After a bit of a roller coaster ride with the Stanford University baseball team over the past three years, La Cañada High graduate Eric Smith is set to begin his climb up the Los Angeles Dodgers minor league farm system.
"I am going to sign and start my professional career," said Smith, who was drafted by the Dodgers in the 18th round at No. 566 overall June 6 in the Major League Baseball First Year Player Draft. "It's kind of funny, my family have gone to Dodger games my entire life, it's kind of weird to be drafted by the team I've grown up with — the hometown team. I knew it was a possibility … but the draft is so unpredictable you don't know what's going to happen or where it's going to take you."
Smith hasn't officially signed with the Dodgers yet, as Stanford's season ended Sunday, but he hopes to do so this weekend or early next week. He expects to be assigned to the Ogden Raptors in Utah or Arizona League Dodgers, minor league rookie affiliates with the Dodgers.
"I don't know where I will be yet," Smith said. "I just look forward to signing and to start playing right away."
Former La Cañada High Coach Dennis Ballard wasn't surprised when Smith, whom he coached for three years, was drafted.
"There was no question in my mind [he would be drafted]," said Ballard, who stepped down at the end of this season after 10 years with the Spartans. "I would say he was a phenom. He just did everything right in baseball and nothing got in his way. He was dissatisfied with average, he was never going to be average."
Smith, a 2009 La Cañada High graduate, will still return to the place that paved his way to professional career — Stanford University — in the fall and winter to complete his senior year and earn his political science degree.
On the ball field, it was this season at Stanford that Smith began catching — the position he was drafted at — as the Cardinals coach moved him from the middle infield where he's played most of his career.
"I was taken back a little bit [when coach told me] because catching is unlike any other position," Smith said. "It's the most different position you can take on, it's not like you're moving to another side of the field."
Smith handled himself well in his first year behind the plate, as he posted a .984 fielding percentage with six errors in 386 chances and caught nine of 18 would-be base stealers, but it was his bat that led to him being drafted.
"I think my bat has really played to my advantage, left-handed hitting catchers aren't that common," said Smith, who became the Cardinals starting catcher and batted .321 (60 for 187) with 32 runs batted in, 35 runs, 11 doubles and two homers this season. "[Catching] presented me with a great opportunity to play this year and play with such a great team."
Straight out of high school, Smith had an immediate impact at Stanford, as he hit .286 with 12 RBI, 10 runs, three doubles and two triples in 36 games as a freshman. He had a bit of a sophomore slump, though, as he only appeared in 14 games and batted .250 with two RBI and two doubles after he suffered an injury and was beat out for a starting position in the infield.
Smith said he wasn't in line for much playing time as a junior with the entire infield returning until his coach told him they wanted him to play catcher next season with both Stanford backstops graduating.
"It opened up great opportunities for me," Smith said. "Having a breakout year like I did this year, especially catching, is what got me drafted. It's a year I am never going to forget."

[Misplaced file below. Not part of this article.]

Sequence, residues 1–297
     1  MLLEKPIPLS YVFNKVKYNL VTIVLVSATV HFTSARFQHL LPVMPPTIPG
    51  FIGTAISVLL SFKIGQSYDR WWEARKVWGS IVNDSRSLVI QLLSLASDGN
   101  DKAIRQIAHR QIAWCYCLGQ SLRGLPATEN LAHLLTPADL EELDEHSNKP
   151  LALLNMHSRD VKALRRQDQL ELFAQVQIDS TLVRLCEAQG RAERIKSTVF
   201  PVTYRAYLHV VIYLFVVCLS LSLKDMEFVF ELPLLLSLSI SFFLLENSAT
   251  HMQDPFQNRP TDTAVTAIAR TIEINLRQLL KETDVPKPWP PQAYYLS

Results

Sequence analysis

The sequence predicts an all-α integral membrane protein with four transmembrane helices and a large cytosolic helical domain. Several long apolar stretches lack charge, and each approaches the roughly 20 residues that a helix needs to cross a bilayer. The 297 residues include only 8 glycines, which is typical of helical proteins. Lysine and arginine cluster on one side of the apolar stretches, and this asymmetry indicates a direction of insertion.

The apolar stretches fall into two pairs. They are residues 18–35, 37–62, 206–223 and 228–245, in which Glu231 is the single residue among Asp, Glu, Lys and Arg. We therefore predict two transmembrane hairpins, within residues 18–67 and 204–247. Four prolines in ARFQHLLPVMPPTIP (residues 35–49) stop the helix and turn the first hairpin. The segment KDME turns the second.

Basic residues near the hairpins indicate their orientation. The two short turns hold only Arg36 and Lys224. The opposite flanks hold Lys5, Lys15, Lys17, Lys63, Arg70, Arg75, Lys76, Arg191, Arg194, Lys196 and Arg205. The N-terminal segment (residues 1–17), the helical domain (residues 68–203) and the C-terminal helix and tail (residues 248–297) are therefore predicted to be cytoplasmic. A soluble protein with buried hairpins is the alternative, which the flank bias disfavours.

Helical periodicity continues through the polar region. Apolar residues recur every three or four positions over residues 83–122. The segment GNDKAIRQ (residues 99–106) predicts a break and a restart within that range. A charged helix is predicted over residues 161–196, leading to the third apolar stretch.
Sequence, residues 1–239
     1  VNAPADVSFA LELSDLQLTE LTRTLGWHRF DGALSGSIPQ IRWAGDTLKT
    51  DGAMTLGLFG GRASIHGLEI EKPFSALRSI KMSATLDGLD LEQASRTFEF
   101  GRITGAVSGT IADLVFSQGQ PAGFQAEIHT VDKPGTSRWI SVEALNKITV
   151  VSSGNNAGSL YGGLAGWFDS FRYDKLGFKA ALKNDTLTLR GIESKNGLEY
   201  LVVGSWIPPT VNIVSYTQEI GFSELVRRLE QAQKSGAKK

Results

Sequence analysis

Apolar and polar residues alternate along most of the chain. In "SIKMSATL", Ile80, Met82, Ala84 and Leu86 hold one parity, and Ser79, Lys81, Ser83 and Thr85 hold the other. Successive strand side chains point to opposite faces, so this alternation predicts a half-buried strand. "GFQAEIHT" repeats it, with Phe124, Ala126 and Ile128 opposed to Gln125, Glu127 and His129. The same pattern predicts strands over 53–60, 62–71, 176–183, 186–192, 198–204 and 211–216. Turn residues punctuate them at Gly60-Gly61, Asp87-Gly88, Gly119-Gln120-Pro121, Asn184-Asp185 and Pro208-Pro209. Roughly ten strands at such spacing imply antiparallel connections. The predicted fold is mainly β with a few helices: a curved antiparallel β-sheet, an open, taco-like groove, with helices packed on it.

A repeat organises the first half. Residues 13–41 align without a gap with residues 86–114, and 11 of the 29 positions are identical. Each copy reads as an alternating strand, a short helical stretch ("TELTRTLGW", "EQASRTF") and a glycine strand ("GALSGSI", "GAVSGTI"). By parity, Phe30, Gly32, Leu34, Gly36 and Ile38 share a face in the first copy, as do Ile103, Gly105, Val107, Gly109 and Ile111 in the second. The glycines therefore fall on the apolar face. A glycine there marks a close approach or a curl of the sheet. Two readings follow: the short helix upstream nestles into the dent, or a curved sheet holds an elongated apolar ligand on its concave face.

Stanford's season came to an end Sunday when it was swept by No. 3 Florida State in a best-of-three series in the NCAA Super Regionals. Smith was zero for five with a run scored in both games combined, as the Cardinals lost 17-1 Friday and 18-7 Sunday.
"Our goal all four years was to get to the [College] World Series in Omaha but unfortunately we fell a little short for the second year in a row, but I don't think you can be upset with getting to the Super Regionals," Smith said. "We didn't do a good job of executing offensively, defensively or pitching and Florida State took advantage of every opportunity they got."
The Cardinals finished the season with a 41-18, 18-12 in Pac-12Conference record for a fourth-place finish in a conference stacked with teams like UCLA, Arizona, Oregon, Oregon State and Arizona State.
"We pride ourselves on playing one of the most difficult schedules," said Smith, who was an All-Pac 12 honorable mention and All-Stanford Regional Tournament player this season. "Then you go through Pac-12 and it's one of, if not the best, conferences in the country. It's an experience you can't get anywhere else, especially at the college level."
Ballard credits Smith's success at the high school and collegiate level to his hard work.
"He was probably the most respected hitter in league for years," Ballard said of Smith, who hit .510 (54 for 186) with 59 RBI, 76 runs, 22 doubles, 24 stolen bases and six homers in three years at La Cañada. "It was a foregone conclusion when it came time for the all-league meetings that he was a first-teamer."
Ballard also believes Smith will have no problem making an impression offensively in the minors.
"I think he could go in the minor leagues and hit .300-plus right now," Ballard said. "He has great timing and great strength. He is kind of a superman as far as I am concerned."
For now, Smith is concerned on continuing to improve in hopes of one day cracking a Major League roster.
"There's a ton I still have to work on defensively because I haven't been doing it long. It will truly be on the job training like it was this year but I hope to keep improving and make my way up the organization."